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Christopher Coyne

Christopher Coyne

  • Associate Director, F.A. Hayek Program for Advanced Study in Philosophy, Politics, and Economics
  • Director of Graduate Programs, George Mason University

Christopher Coyne is associate director of the F. A. Hayek Program for Advanced Study in Philosophy, Politics, and Economics and F. A. Harper Professor of Economics at the Mercatus Center at George Mason University. He is also a professor of economics and director of graduate studies in the economics department at George Mason University. He specializes in Austrian economics, economic development, emerging democracies, postwar and disaster reconstruction, political economy, and social change.

Coyne is the author, coauthor, or coeditor of four books, including, most recently, Doing Bad by Doing Good: Why Humanitarian Action Fails. He is a prolific writer of articles for scholarly journals, has published numerous policy briefs, and also has written for the Daily Caller, the Richmond Times-Dispatch, and others.

Coyne is the co–editor in chief of the Review of Austrian Economics, the coeditor of the Independent Review, and the book-review editor of Public Choice. He is a member of the Board of Scholars for the Virginia Institute for Public Policy.

Coyne was a Hayek Visiting Fellow at the London School of Economics and worked in the internal consulting services at JPMorgan Chase & Co.

Coyne received his PhD in economics from George Mason University and his BS in business administration from Manhattan College.

View PDF of Curriculum Vitae.

Published Research

Christopher Coyne | Mar 2015
In Out of Poverty, Benjamin Powell concludes that the answer to this question is a resounding “No!” In stark contrast to the way that most people think about sweatshops, Powell argues that sweatshops are part of the development process, a process which makes the lives of workers better off.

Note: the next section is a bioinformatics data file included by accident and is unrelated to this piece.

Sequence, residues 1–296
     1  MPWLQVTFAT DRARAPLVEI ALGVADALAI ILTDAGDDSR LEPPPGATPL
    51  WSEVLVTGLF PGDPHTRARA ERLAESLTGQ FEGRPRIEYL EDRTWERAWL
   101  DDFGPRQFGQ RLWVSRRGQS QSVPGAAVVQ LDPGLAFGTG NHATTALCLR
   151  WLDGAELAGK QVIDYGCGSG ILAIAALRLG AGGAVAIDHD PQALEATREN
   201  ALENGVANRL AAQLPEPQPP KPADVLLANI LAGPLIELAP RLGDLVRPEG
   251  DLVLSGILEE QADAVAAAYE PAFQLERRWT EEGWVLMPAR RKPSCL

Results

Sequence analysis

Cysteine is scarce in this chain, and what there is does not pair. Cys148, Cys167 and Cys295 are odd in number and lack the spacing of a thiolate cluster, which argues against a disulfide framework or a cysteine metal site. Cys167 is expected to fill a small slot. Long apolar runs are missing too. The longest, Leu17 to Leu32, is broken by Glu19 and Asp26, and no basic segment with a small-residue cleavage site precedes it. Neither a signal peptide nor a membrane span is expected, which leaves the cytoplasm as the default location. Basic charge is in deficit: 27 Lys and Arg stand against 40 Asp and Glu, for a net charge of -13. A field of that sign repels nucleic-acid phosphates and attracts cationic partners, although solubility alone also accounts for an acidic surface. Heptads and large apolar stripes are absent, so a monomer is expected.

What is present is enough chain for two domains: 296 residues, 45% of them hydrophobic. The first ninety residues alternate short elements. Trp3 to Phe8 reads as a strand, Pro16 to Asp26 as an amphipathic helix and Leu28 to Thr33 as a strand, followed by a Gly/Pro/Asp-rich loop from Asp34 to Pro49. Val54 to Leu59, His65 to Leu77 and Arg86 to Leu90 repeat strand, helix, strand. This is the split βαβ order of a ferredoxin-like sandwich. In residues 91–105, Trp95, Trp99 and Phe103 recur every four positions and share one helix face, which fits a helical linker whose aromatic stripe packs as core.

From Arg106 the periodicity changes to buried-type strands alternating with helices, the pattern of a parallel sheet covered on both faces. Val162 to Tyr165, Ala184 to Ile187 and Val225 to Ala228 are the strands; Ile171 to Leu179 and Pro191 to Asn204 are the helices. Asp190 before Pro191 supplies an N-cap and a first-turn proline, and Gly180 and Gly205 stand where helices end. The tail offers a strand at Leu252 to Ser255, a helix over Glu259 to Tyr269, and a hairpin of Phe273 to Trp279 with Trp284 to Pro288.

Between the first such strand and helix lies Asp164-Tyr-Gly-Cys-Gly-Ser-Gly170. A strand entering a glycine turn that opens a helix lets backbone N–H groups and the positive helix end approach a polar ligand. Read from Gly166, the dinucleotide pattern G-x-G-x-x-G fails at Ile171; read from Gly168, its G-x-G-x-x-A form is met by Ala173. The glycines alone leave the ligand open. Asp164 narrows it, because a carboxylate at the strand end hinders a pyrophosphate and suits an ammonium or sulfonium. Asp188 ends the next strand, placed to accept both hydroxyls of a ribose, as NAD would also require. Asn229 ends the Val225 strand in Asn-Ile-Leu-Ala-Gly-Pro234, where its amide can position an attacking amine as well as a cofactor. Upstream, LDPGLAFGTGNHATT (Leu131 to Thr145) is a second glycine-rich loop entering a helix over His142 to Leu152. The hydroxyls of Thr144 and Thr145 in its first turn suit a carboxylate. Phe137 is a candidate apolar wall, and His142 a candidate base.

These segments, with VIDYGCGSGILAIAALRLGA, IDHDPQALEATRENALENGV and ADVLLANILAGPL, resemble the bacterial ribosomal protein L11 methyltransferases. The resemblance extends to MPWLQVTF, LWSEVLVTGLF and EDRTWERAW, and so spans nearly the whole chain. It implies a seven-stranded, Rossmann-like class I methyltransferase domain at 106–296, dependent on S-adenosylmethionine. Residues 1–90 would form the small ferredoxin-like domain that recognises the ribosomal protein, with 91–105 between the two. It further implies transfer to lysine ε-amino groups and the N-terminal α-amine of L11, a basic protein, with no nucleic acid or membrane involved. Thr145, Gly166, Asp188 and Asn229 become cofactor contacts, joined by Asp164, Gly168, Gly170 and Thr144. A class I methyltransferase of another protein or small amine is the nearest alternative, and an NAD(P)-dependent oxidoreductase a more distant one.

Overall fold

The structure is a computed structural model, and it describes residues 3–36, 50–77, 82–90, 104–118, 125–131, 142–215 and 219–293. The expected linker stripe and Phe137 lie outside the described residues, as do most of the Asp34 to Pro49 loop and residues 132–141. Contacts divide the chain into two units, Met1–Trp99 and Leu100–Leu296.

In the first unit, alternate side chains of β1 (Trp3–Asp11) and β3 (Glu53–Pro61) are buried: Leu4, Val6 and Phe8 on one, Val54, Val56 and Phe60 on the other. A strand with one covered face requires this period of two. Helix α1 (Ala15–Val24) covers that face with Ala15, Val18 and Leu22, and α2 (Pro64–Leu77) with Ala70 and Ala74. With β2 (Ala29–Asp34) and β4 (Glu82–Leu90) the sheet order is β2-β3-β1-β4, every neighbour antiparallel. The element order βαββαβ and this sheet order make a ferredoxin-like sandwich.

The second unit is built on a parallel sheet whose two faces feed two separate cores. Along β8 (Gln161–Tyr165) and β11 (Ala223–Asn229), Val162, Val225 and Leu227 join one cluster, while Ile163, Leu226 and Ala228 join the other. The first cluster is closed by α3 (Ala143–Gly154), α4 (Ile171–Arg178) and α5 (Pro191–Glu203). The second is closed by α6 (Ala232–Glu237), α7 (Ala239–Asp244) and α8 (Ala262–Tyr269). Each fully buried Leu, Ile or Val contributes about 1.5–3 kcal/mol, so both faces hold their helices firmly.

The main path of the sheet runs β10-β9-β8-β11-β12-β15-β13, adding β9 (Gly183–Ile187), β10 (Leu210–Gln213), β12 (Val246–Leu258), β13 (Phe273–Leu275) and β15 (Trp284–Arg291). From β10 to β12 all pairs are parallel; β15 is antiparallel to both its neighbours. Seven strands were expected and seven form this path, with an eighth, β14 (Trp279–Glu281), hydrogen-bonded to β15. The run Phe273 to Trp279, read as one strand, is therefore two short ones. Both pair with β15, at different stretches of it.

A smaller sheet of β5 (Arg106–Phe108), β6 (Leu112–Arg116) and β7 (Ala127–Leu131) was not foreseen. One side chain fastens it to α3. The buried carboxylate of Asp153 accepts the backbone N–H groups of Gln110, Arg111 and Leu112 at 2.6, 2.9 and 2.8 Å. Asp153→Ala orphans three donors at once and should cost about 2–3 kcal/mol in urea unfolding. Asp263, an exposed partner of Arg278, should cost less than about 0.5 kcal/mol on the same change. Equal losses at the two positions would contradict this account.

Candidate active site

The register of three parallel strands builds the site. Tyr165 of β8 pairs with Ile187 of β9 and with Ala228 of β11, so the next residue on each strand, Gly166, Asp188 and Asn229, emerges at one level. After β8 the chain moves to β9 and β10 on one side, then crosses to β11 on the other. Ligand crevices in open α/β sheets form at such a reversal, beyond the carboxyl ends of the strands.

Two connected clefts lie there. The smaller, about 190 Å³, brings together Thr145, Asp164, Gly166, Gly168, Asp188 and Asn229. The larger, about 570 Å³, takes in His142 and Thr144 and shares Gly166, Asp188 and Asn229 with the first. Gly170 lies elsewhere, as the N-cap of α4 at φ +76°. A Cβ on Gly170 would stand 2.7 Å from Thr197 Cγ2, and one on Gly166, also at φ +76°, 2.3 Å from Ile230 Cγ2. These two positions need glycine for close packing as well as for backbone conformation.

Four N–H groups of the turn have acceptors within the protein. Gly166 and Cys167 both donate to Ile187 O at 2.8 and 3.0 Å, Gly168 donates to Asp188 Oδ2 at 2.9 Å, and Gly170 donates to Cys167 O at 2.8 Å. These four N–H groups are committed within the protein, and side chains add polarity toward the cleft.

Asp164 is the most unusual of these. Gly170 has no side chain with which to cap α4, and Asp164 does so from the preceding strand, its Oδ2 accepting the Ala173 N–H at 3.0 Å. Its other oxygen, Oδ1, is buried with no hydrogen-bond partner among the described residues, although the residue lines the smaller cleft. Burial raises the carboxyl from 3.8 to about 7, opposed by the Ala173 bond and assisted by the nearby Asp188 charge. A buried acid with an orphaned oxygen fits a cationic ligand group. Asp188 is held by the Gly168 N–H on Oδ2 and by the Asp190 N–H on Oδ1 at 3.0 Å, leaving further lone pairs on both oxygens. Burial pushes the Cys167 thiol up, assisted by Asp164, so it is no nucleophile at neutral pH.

Christopher Coyne, Claudia Williamson | Feb 2015
The authors analyze the relationship between foreign aid and the “culture of contracting.” Contracting culture refers to cultural characteristics — trust, respect, level of self-determination, and level of obedience — which allow for impersonal exchange. Theoretically, aid may affect the culture of contracting for better or worse. The authors empirically analyze this possibility and find that aid generates negative effects on the culture of contracting.
Christopher Coyne, Abigail Hall | Dec 2014
Recent scholarship regarding the idea of a U.S. Empire has raised serious questions as to the feasibility and desirability of imperial ambitions. This paper traces the debate over the net-benefit of empire back to the Classical economists. Adam Smith argued that the British Empire was a net cost while John Stuart Mill concluded the same empire was a net benefit. Contemporary arguments about a U.S. Empire map neatly to the divergent views of Smith and Mill. In addition to engaging in an exercise in history of thought, the authors use Smith’s political economy as a means of adjudicating between the different claims regarding the feasibility of empire.